We describe an outbreak of necrotizing enterocolitis (NEC) that occurred in the neonatal intensive care unit of our hospital. A total of 12 neonates developed NEC in June-July 1998. For two of them, twin brothers, the NEC turned out to be fatal. Enterobacter sakazakii, a known contaminant of powdered milk formula, was isolated from a stomach aspirate, anal swab, and/or blood sample for 6 of the 12 neonates. A review of feeding procedures revealed that 10 of the 12 patients were fed orally with the same brand of powdered milk formula. E. sakazakii was isolated from the implicated prepared formula milk as well as from several unopened cans of a single batch. Molecular typing by arbitrarily primed PCR (AP-PCR) confirmed, although partially, strain similarity between milk and patient isolates. No further cases of NEC were observed after the use of the contaminated milk formula was stopped. With this outbreak we show that intrinsic microbiological contamination of powdered milk formula can be a possible contributive factor in the development of NEC, a condition encountered almost exclusively in formula-fed premature infants. The use of sterilized liquid milk formula in neonatal care could prevent problems with intrinsic and extrinsic contamination of powdered milk formula.
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              Modes and modulations of antibiotic resistance gene expression.

              Since antibiotic resistance usually affords a gain of function, there is an associated biological cost resulting in a loss of fitness of the bacterial host. Considering that antibiotic resistance is most often only transiently advantageous to bacteria, an efficient and elegant way for them to escape the lethal action of drugs is the alteration of resistance gene expression. It appears that expression of bacterial resistance to antibiotics is frequently regulated, which indicates that modulation of gene expression probably reflects a good compromise between energy saving and adjustment to a rapidly evolving environment. Modulation of gene expression can occur at the transcriptional or translational level following mutations or the movement of mobile genetic elements and may involve induction by the antibiotic. In the latter case, the antibiotic can have a triple activity: as an antibacterial agent, as an inducer of resistance to itself, and as an inducer of the dissemination of resistance determinants. We will review certain mechanisms, all reversible, that bacteria have elaborated to achieve antibiotic resistance by the fine-tuning of the expression of genetic information.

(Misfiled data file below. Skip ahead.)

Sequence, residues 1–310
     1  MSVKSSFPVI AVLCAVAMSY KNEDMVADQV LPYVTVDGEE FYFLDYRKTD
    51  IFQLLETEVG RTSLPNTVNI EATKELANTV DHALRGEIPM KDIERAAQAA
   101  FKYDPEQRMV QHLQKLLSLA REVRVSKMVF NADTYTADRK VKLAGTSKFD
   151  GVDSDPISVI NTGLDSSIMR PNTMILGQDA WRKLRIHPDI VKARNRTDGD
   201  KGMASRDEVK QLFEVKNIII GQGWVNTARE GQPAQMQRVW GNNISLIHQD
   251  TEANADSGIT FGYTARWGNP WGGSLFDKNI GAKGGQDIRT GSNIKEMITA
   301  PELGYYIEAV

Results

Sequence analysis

Author and article information

                Front Microbiol
                Front Microbiol
                Front. Microbiol.
                Frontiers in Microbiology
                Frontiers Media S.A.
                05 June 2018
                : 9
                1School of Bioscience and Bioengineering, South China University of Technology , Guangzhou, China
                2State Key Laboratory of Applied Microbiology, South China, Guangdong Provincial Key Laboratory of Microbiology Culture Collection and Application, Guangdong Open Laboratory of Applied Microbiology, Guangdong Institute of Microbiology , Guangzhou, China
                3College of Food Science, South China Agricultural University , Guangzhou, China
                4Department of Food Science & Technology, Jinan University , Guangzhou, China
                Author notes

                Edited by: Michael Gänzle, University of Alberta, Canada

                Reviewed by: Vijay K. Juneja, United States Department of Agriculture, United States; Magaly Toro, Universidad de Chile, Chile

                *Correspondence: Qingping Wu, wuqp203@ 123456163.com ; wuqp@ 123456gdim.cn

                These authors have contributed equally to this work.

                This article was submitted to Food Microbiology, a section of the journal Frontiers in Microbiology

                Copyright © 2018 Ling, Li, Zhang, Wu, Zeng, He, Ye, Wang, Ding, Chen, Xue, Ye and Guo.

                This is an open-access article distributed under the terms of the Creative Commons Attribution License (CC BY). The use, distribution or reproduction in other forums is permitted, provided the original author(s) and the copyright owner are credited and that the original publication in this journal is cited, in accordance with accepted academic practice. No use, distribution or reproduction is permitted which does not comply with these terms.

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                Figures: 3, Tables: 5, Equations: 0, References: 58, Pages: 10, Words: 0